Notice the admirable leader in Nehemiah. He does not answer any of the questions or accusations, including Tobiah’s comment. No “Oh yeah, well what about when you…” or “My workers are every bit as good as yours!” or “I never said the wall would be done in a day!”
Nehemiah simply prays and gives the matter over to God. He does not fuel any fire or even feel the need to.
Hard to do.
Criticism #3: “Hey, look over there!” (Nehemiah 4:7-14)
Have you ever experienced this? Distraction by the critics and you get drawn in and confusion sets in and derails the mission?
Not with Nehemiah. He knows where to focus – not on the enemy but on his team. He actually uses the situation to promote unity and synergy among the Jews in helping them work more selflessly, looking out for each other’s needs.
Criticism #4: “Let’s get together and talk about why you are rebelling against the king.” (Nehemiah 6:1-9)
Have you ever gotten sucked into conversation after conversation with a critic who wants to keep talking about why you are going about something all wrong? This happened to me. Another person, who had no right or authority, began to not only decry a new direction we set but said we went about it the wrong way and were flirting with the line of going into sin.
Is it not enough to just disagree? No, destruction and demise must also happen.
In this situation, this individual was not looking to understand but just to be understood. Big difference. People like this simply are looking to make sure you understand why their agenda is right and yours is…well…lacking, poor, weak.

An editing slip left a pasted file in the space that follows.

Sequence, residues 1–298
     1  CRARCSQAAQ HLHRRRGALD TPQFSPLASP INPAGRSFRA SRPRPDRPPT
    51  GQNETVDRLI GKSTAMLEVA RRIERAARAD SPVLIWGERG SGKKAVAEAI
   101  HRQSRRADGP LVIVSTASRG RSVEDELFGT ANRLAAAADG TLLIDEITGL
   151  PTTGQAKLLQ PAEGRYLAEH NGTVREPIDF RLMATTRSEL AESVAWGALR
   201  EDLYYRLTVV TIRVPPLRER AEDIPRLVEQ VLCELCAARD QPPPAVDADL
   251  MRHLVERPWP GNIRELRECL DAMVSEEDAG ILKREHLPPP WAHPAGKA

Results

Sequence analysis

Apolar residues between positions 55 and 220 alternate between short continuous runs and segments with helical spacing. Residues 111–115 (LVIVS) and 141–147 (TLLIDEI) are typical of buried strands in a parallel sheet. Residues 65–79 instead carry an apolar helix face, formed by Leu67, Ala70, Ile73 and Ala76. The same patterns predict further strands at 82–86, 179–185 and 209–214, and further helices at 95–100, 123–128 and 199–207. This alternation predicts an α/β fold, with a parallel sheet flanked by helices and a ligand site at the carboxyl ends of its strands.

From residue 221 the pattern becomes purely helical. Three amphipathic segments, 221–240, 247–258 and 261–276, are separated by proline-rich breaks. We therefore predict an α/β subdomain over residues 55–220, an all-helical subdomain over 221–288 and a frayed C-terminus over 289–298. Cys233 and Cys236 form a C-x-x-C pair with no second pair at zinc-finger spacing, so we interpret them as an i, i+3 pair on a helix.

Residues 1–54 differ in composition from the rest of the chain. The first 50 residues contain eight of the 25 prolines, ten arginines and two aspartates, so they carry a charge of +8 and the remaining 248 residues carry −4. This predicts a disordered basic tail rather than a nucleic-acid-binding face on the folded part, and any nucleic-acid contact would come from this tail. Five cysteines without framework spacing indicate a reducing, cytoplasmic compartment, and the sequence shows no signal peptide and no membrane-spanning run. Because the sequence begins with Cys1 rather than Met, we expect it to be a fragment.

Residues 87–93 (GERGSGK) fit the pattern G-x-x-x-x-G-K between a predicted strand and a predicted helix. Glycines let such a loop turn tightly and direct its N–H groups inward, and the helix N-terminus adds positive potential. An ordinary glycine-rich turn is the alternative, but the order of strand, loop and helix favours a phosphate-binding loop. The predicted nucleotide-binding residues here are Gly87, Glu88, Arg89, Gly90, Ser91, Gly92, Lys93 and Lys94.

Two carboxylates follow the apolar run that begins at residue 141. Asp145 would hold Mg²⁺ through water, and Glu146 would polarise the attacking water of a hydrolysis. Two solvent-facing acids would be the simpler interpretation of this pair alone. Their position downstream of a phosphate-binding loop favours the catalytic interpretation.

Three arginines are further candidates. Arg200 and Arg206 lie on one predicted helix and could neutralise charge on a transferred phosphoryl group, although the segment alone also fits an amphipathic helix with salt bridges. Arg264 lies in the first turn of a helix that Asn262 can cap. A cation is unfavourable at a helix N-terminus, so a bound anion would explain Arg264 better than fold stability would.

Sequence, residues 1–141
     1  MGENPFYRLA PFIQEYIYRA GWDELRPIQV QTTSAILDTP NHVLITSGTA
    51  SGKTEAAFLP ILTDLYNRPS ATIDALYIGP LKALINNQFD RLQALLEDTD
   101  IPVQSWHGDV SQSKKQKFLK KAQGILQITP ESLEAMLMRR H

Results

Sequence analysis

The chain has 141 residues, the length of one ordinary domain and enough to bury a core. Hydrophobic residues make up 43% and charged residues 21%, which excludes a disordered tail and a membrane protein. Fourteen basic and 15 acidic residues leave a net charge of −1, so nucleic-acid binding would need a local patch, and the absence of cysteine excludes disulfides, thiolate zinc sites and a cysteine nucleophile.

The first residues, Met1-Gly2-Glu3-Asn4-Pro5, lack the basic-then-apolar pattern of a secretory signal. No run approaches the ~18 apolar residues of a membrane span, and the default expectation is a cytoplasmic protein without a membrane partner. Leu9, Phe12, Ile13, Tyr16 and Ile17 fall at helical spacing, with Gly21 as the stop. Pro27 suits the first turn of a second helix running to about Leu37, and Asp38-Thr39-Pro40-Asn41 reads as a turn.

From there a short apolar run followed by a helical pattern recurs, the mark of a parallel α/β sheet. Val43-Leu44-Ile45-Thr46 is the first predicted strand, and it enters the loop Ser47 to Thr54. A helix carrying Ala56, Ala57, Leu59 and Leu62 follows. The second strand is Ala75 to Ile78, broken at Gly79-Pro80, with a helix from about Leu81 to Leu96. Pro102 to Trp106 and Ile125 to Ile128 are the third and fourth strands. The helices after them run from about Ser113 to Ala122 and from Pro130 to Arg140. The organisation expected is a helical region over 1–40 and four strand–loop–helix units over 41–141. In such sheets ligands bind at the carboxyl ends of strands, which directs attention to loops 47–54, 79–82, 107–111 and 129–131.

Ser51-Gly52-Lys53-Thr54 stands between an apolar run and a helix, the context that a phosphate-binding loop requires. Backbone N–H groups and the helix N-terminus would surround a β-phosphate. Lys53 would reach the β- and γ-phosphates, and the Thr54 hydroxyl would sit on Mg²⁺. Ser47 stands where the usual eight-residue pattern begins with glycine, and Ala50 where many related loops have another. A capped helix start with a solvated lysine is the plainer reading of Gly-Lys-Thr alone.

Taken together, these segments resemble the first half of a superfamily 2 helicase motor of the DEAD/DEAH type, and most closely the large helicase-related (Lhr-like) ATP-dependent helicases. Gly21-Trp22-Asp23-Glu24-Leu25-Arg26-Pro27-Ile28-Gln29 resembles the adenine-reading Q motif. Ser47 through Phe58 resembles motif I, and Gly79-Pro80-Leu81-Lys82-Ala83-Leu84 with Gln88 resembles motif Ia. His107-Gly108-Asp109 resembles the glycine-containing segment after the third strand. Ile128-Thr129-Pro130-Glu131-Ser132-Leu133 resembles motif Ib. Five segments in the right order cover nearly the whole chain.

Sanballat was wanting to kill Nehemiah and plotted it by just wanting to continue the conversation, and ultimately, talk about why Nehemiah was wanting to rebel against the king. It was the “Help me understand why…” when the matter at hand was not even remotely true. Sanballat already knew his answer.
I don’t know about you, but I would have been worn down by now, questioning my leadership or the value of the project.
“Maybe I am not cut out for this.”
“Maybe God did not really burden me.”
He does not talk about the time he does not have, nor why the discussion would be fruitless. He simply replies with “I have a great work to do…sorry.” No anger, no sarcasm, no name-calling. Just a reminder of the facts. Nehemiah knew the mission, knew it was right, and knew it had to get done.
Nehemiah modeled exemplary leadership. Despite four well-crafted criticisms, Nehemiah saw his target and did not waste time by feeling like he had to engage the critics when they tried to engage him. That is key.
Why do we feel as if we have to engage the critics?
Leadership is difficult enough, but I can feel like throwing in the towel when well-crafted criticism flies at me. Nehemiah succeeded in all four rounds because he never felt as if he had to silence the critics. And you know what? The wall was built in record time: 52 days.
Question: What other types of criticisms can personally derail you?
If you liked this post, please click on the “Like” button below and leave a comment.
And if you have a friend who would benefit from this topic today, please share it. That would be so appreciated!